UK schools privatisation programme continues despite failures

By Tom Pearce
24 February 2016

As the Academy programme—the flagship education policy of the previous Labour government—enters its 14th year, all Westminster parties have embraced it.

Under the Conservative government, there has been an exponential increase in academies, allowing all schools to convert or to be forcibly converted by the Department of Education.

There were 4,676 Academies created in June 2015 and hundreds more are planned. The Academy programme has created a fragmented system of education and has forced through the privatisation of state education behind a smokescreen of a professed aim “to improve pupil performance and break the cycle of low expectations.” In August 2015, Prime Minister David Cameron announced that he wanted to make all schools academies. “I want the power to be in the hands of the head teacher and teachers rather than the bureaucrats”, he asserted.

In reality, as 2016 begins, the biggest academy chain in England, the Academies Enterprise Trust (AET), has been accused by the Office for Standards in Education, Children’s Services and Skills (Ofsted) of “failing too many pupils”. Inspectors say that 40 percent of pupils in primary schools run by the AET are in “academies that do not provide a good standard of education”. “It is even worse in secondary, where 47 percent of pupils attend academies that are less than good”, says Ofsted.

Across the AET’s 67 academies, there is a particular weakness in the progress of disadvantaged pupils, with poorer pupils performing “particularly badly”. Inspectors also warned about “unacceptably low” attendance levels. There was also criticism of “insufficient detail” about how the trust is governed.

Ofsted cannot give a judgement on an academy chain. They can only carry out multiple inspections of individual schools under its control. The Academy programme has left parents with an unregulated education system that is going unchecked.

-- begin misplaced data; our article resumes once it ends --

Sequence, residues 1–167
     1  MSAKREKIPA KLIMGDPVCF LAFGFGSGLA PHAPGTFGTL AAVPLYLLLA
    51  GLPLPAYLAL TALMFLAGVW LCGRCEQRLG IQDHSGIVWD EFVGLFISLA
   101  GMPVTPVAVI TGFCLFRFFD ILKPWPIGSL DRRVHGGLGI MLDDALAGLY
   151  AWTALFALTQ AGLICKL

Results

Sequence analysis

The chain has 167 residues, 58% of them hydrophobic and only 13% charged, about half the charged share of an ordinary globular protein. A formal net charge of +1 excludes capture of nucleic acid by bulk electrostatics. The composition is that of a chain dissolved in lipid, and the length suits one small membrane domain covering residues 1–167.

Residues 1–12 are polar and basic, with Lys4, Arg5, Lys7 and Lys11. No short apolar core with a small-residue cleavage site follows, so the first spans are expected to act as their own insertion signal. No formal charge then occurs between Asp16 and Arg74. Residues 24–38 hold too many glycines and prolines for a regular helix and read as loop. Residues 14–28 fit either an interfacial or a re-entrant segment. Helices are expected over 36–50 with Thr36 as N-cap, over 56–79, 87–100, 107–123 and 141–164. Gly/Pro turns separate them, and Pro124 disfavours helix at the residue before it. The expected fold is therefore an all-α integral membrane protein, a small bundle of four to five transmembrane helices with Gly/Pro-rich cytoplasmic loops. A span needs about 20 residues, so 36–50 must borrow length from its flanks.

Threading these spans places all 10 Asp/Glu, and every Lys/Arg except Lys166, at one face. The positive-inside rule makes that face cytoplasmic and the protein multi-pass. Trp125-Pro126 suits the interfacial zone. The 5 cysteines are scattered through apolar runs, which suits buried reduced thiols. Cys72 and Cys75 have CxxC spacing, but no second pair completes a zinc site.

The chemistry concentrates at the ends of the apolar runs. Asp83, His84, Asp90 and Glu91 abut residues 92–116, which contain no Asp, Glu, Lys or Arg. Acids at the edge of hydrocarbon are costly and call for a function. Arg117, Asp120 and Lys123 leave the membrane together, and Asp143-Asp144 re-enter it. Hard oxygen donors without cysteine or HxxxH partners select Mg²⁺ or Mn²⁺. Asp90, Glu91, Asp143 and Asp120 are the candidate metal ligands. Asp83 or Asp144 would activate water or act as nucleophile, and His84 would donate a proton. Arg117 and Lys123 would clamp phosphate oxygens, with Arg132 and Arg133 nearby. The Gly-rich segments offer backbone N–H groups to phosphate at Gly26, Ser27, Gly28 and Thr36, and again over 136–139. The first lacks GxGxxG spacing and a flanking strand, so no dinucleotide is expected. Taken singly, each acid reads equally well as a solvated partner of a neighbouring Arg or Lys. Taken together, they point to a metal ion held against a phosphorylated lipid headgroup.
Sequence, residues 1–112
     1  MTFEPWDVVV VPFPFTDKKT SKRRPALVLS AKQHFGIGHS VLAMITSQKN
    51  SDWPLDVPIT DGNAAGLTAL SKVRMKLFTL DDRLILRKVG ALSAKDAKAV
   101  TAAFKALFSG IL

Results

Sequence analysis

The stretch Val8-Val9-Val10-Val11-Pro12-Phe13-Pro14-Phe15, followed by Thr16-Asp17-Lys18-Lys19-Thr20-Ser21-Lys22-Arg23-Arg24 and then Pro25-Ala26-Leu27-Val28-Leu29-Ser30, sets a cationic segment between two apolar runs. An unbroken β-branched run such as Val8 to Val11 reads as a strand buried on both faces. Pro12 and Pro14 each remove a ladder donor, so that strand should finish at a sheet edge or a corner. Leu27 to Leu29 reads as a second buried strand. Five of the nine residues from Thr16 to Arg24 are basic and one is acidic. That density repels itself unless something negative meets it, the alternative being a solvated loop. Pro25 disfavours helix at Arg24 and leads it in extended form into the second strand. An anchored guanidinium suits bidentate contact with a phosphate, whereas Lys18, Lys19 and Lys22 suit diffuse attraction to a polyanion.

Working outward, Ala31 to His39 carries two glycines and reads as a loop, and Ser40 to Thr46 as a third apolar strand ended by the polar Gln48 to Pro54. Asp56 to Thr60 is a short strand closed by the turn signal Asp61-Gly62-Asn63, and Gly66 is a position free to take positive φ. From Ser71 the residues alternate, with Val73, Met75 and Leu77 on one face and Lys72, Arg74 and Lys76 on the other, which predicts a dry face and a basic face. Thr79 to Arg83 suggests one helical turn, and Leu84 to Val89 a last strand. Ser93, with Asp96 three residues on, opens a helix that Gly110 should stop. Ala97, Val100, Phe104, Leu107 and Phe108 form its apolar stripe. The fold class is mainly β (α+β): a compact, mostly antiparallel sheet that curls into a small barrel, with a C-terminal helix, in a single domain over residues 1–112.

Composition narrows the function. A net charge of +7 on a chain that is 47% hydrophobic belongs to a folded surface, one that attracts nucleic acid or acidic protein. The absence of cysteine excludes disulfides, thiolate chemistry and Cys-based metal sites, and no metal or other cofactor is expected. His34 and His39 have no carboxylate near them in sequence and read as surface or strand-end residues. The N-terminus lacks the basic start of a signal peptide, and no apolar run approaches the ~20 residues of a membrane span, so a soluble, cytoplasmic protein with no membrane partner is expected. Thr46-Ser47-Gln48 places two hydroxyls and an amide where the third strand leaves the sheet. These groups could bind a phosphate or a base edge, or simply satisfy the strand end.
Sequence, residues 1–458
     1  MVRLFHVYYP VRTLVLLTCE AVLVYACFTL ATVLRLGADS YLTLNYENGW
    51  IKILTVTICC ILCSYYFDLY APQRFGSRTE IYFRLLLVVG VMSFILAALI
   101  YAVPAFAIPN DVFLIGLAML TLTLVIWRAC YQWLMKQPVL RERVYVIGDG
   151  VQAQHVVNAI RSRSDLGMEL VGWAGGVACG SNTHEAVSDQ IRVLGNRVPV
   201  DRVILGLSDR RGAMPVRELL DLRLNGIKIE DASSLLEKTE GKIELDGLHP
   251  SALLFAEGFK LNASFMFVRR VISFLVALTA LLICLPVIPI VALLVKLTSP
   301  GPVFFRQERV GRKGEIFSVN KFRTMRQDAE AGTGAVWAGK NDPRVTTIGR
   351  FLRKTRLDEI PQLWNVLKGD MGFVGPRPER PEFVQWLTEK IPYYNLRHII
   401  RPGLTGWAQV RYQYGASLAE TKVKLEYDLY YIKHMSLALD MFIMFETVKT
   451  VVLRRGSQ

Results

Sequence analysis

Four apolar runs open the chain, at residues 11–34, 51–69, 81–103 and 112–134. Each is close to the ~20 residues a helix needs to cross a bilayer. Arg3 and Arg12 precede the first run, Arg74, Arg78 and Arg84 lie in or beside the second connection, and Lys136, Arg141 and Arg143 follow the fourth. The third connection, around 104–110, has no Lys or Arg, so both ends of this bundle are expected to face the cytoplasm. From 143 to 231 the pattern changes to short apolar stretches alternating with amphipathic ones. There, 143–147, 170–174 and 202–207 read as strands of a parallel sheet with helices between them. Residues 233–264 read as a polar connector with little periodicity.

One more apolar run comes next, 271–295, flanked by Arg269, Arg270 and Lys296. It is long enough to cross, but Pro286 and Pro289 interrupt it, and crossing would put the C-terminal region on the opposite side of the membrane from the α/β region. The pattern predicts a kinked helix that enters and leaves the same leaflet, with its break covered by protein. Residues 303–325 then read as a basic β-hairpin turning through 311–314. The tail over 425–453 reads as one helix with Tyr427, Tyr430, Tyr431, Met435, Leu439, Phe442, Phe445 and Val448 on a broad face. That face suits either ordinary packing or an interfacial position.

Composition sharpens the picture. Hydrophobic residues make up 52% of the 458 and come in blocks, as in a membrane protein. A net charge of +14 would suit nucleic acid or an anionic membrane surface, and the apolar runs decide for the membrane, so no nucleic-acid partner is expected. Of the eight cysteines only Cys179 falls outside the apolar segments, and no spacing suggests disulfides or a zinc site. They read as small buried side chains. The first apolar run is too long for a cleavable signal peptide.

Similar problems have been found at other large academy chains. E-Act—which in the past had been heavily criticised by inspectors, leading to it losing control of 10 schools two years ago—has been judged by Ofsted as having low standards. Attempts to improve “have not had enough impact”, Ofsted said.

There is no substantial evidence that the Academy programme has improved education. In fact, the privatisation of schools has led to a substandard level of education for swathes of children and large academy chains controlling schools across wide geographical areas. The AET has education establishments in the Isle of Wight, Hull, Birmingham, Essex, Leicestershire and Gloucestershire. E-Act’s 23 schools are spread across England, with a number in places including the West Midlands, Buckinghamshire, Bristol, Yorkshire and the North West.

The aggressive privatisation agenda is continuing. The Conservatives intend to completely break the link between local authorities and schools by forcing every school into becoming an academy. The conversion from local authority-controlled to academy status is also being offered to further education centres like sixth-form colleges, with the option to convert as in the primary and secondary sectors.